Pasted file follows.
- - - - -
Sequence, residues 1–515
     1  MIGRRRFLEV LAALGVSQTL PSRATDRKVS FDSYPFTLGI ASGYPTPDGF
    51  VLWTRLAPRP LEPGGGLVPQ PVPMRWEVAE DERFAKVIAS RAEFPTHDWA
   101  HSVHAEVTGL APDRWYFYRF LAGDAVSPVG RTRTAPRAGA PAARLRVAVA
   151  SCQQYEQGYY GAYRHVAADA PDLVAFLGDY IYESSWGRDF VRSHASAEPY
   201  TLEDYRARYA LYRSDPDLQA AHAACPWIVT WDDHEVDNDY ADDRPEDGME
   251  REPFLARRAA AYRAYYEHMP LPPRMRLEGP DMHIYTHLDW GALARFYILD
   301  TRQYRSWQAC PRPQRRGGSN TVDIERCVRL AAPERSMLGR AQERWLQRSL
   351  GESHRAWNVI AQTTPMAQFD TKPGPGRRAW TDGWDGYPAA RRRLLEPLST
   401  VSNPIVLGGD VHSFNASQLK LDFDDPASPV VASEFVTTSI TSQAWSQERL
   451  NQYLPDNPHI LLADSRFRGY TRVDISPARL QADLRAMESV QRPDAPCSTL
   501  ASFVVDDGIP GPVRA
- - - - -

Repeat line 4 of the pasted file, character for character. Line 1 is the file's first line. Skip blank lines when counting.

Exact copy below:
   101  HSVHAEVTGL APDRWYFYRF LAGDAVSPVG RTRTAPRAGA PAARLRVAVA